There are no clear-cut “groups of death” in this edition of the greatest show on Earth, and this is exactly the way FIFA wants it. For once, we can all congratulate FIFA for doing something positive for the game. (Too soon?)
If there is any sort of consensus on the toughest group in the media and among fans, it is Group F with Germany, Mexico, Sweden, and South Korea. Even still, this group is no real head-turner. Group B arguably poses a more evenly distributed wealth of world-class talent.
The big teams in this division are the Iberian giants Spain and current European champions Portugal. Portugal are also ranked third in the FIFA rankings and are a deeper club than they were in Brazil. In a head-to-head comparison, I don’t think Portugal have the defensive quality or organization to best La Roja. While Cristiano Ronaldo and his nation certainly have the offensive firepower to cause real damage, I’m not convinced they can keep the Spaniards at bay.
The Selecao das Quinas probably won’t top the group, but they and their Spanish neighbors got the best draws of any pair of top-10 teams in the World Cup. Group A is easily the weakest bunch of them all, without a team in the top 30. The host nation got an extremely favorable group, and Group A’s collective weakness will pay dividends for Spain and Portugal both.
Elsewhere in Group F, Germany probably aren’t too excited about having to face Mexico, Italy-slayers Sweden, and perhaps even Korea. Mexico are playing their best ‘futbol’ of the last four or five years, and are currently ranked 16th overall. Andres Guardado, Ochoa, and Hector Herrera are in their prime, and El Tri’s Colombian manager Juan Carlos Osorio has this Mexican side playing in a 4-3-3 and the formation is playing to their strengths. Mexico drew Belgium 3-3 in a recent friendly, shocking the top-5 Belgian side and the football world.
Contrary to the initial reaction of English fans, the Three Lions actually ended up with a pretty favorable set of opponents. The aforementioned Belgian side are the team standing in the way of England potentially winning that group, with their only other realistic option to finish second and advance nonetheless. However, after England’s recent disappointments and their egregious showings in Brazil and France in 2014 and 2016, respectively, their assumed advancement is by no means a forgone conclusion. That being said, the only time Belgium have defeated England in their all-time 21 meetings was in 1936.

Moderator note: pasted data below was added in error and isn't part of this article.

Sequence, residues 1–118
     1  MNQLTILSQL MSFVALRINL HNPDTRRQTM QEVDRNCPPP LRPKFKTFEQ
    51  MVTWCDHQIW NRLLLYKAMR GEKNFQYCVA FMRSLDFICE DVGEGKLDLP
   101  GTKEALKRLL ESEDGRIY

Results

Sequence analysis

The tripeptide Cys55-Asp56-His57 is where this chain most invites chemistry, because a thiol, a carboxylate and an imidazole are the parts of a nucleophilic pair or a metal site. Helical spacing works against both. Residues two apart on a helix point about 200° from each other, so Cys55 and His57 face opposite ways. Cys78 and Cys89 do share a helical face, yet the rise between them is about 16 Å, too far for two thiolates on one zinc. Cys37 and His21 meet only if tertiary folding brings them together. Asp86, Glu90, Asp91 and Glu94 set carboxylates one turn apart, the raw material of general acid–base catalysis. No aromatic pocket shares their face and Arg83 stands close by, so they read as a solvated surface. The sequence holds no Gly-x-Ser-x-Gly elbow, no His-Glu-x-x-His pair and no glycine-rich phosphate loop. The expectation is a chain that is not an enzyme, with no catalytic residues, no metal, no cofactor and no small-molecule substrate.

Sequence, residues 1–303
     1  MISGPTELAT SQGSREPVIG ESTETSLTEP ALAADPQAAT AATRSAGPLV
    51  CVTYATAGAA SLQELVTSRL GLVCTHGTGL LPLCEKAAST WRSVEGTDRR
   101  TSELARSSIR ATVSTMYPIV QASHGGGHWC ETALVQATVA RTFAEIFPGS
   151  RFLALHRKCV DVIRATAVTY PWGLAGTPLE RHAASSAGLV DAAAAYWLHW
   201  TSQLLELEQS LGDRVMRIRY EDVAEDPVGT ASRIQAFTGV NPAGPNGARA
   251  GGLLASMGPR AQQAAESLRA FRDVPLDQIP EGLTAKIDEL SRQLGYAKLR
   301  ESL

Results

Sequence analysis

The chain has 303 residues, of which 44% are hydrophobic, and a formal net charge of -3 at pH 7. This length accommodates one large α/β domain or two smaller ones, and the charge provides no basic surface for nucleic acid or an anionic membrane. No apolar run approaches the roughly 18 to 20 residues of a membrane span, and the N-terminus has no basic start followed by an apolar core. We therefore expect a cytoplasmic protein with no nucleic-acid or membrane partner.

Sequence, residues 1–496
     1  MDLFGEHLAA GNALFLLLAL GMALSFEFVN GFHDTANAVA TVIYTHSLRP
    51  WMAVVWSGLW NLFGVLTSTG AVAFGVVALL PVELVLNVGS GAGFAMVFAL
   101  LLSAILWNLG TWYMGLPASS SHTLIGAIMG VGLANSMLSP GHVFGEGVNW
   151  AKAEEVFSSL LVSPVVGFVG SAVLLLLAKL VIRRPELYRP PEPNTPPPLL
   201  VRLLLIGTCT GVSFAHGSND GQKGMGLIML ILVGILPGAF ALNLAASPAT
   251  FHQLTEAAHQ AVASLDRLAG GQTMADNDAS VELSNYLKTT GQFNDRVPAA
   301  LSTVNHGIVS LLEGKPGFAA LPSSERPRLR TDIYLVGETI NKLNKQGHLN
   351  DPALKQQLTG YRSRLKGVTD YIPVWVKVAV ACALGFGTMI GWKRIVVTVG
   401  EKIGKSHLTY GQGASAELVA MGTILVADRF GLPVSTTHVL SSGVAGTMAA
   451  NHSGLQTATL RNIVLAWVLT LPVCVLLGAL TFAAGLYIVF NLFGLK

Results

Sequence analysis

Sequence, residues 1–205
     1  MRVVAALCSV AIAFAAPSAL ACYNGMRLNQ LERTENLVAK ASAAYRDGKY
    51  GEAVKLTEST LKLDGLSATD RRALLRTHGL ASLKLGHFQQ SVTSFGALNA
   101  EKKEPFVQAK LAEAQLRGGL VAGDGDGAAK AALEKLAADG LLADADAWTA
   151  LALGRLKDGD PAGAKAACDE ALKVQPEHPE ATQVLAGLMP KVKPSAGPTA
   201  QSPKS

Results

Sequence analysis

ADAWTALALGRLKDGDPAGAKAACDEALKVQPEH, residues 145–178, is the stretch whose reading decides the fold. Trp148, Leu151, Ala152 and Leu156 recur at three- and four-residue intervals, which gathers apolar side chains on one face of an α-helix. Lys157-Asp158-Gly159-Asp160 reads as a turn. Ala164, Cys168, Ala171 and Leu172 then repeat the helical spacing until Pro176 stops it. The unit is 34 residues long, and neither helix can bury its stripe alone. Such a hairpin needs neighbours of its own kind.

I think this Belgian side are also criminally underrated. England supporters are no strangers to the likes of Eden Hazard, Kevin de Bruyne or Romelu Lukaku and their lethal potential. They might have the most deep and talented midfield of any side in the world, most of them starters for Europe’s top clubs. Shockingly, they currently have just the sixth best odds to win the World Cup at 12/1.
The odds opened with France as favorites to win it all. Now they sit third at 11/2, behind Brazil and Germany. They are the deepest and most frightening side in the world, and I think some 2014 nostalgia has settled in with the bookies and their decision to move the lines towards Germany over France. I can’t see another logical reason the current German side should be put above Les Bleus. Maybe Mats Hummels? The Germans may not have the best players, but they are one of the most cohesive sides as a unit. The French front four is legitimately frightening however, and I don’t have much confidence any backline can handle the likes of Martial, Griezmann, Dembele and Mbappe. Again, maybe just nostalgia.
In a surprise to virtually no one, Brazil are the current odds-on favorites at 5/1. Not only do they have the team, but the illustrious history and track-record to compel bettors around the world to risk their financial well-being and futures on the canarinho.
An extremely egalitarian group draw should make for a massively entertaining and competitive group stage. Is it June yet?
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